SAN FRANCISCO, Nov. 21, 2017 (GLOBE NEWSWIRE) -- Hagens Berman Sobol Shapiro LLP is alerting crowdfund investors to the Tezos class action and the firm’s investigation into recovering the bitcoins (BTC), Ethereum (ETH) or other consideration paid in the Tezos Initial Coin Offering (“ICO”). The SEC recently determined that those who engage in distributed ledger or blockchain-enabled means for raising capital tokens must take appropriate steps to ensure compliance with the U.S. federal securities laws. The “Tezzies” or “XTZ” token offering strongly resembles an offering of securities subject to the securities laws. The Tezos ICO is now subject to two securities class action lawsuits pending in the California Superior Court for the County of San Francisco and in the U.S. District Court for the Middle District of Florida with claims for securities law violations.
If you purchased or otherwise acquired the right to purchase TEZOS currency in the July 2017 offering or crowdsale contact Hagens Berman Sobol Shapiro LLP. For more information visit:
or contact Reed Kathrein, who is leading the firm’s investigation, by calling 510-725-3000 or emailing
Capitalizing on the recent enthusiasm for cryptocurrencies and blockchain technologies, the Tezos founders collected over $232 million worth of bitcoin and Ethereum from investors. Meanwhile, both bitcoin and Ethereum have seen significant gains since July. Even a timely delivery of the tokens investors paid for would have saved investors a significant amount of funds. Instead, the Tezos project has stalled, and it’s now unclear that the investors will receive their Tezzies or XTZ any time soon, as Tezos founders and Dynamic Ledger Solutions, Inc. (DLS) are now engaged in a public fight for control over the Tezos Foundation, a Swiss foundation.
Moreover, when the SEC announced that DAO tokens are securities within the meaning of the federal securities laws, and that DAO’s or other distributed ledger or blockchain-enabled means for capital raising must comply with the U.S. federal securities laws, and that such tokens must be registered with the SEC or qualify for an exemption in July 2017, Defendants were put on notice that they had to comply with the securities laws, including, for instance, registering the Tezos tokens with the SEC as required. Nonetheless, during July 2017, Defendants conducted the Tezos ICO and sold over 607 million unregistered Tezzies to the public in exchange for digital currency worth approximately $232 million at the time.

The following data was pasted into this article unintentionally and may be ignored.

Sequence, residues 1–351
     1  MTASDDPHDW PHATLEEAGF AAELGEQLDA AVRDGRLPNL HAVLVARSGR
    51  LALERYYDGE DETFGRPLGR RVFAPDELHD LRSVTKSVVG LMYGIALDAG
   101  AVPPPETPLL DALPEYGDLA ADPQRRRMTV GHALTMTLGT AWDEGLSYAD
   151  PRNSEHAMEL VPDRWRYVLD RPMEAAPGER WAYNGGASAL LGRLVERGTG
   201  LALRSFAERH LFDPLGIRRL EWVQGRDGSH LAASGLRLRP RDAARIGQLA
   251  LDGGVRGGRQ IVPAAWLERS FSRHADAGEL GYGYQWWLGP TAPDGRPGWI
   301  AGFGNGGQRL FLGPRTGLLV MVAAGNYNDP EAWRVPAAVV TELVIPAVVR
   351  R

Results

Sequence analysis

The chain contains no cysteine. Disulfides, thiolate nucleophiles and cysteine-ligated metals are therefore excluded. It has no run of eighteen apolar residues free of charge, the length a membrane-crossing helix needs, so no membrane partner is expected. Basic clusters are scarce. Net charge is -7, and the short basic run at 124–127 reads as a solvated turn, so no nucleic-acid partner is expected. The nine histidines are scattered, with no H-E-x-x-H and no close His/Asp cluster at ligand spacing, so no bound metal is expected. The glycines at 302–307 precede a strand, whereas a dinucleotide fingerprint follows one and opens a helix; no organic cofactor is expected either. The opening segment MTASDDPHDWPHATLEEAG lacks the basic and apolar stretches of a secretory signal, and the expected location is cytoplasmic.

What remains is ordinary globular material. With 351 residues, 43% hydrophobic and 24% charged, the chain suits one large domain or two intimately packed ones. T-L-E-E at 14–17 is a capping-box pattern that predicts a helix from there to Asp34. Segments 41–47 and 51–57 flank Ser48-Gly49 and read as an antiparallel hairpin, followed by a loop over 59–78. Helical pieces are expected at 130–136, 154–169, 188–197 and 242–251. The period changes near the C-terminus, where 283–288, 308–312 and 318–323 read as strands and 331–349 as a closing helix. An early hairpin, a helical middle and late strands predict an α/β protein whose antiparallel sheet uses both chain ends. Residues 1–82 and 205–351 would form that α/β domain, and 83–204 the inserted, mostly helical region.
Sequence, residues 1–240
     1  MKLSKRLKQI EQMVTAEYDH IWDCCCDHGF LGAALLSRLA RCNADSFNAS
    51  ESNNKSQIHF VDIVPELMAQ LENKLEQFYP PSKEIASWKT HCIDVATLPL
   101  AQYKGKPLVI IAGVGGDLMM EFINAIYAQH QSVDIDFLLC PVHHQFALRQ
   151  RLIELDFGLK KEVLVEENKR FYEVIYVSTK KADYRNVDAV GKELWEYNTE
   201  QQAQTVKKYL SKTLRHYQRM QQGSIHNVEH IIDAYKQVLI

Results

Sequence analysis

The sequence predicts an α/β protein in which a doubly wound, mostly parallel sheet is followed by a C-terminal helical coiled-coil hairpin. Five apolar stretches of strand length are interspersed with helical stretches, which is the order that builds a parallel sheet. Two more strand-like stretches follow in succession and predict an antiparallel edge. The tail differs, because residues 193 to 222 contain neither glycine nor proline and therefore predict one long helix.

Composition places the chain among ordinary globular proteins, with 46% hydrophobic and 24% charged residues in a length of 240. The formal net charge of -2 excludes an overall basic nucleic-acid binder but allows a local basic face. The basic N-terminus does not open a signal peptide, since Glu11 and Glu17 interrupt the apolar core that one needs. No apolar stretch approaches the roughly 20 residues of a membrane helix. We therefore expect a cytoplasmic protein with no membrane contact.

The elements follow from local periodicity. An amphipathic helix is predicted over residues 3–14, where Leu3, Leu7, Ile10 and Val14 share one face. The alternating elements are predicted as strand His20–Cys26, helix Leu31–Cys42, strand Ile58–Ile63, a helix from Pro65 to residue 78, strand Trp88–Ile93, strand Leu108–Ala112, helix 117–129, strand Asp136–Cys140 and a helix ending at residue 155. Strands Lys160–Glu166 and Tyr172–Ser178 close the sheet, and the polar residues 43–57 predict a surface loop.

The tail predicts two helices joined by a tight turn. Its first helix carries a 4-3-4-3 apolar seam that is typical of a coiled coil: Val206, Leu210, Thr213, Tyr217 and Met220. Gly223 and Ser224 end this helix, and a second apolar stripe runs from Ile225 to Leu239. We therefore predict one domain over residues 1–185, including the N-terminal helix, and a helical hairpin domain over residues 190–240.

“Tezos investors have sustained significant damages by investing in the ICO. Not only did the Defendants disregard the SEC’s registration requirements but the delay in the launch of Tezos token has forced investors to helplessly watch as their funds are tied up by people skirting the law,” said Hagens Berman partner Reed Kathrein.
Whistleblowers: Persons with non-public information regarding the Tezos ICO should consider their options to help in the investigation or take advantage of the SEC whistleblower program. Under the new program, whistleblowers who provide original information may receive rewards totaling up to 30 percent of any successful recovery made by the SEC. For more information, call Reed Kathrein at 510-725-3000 or email XTZ@hbsslaw.com.
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Reed Kathrein, 510-725-3000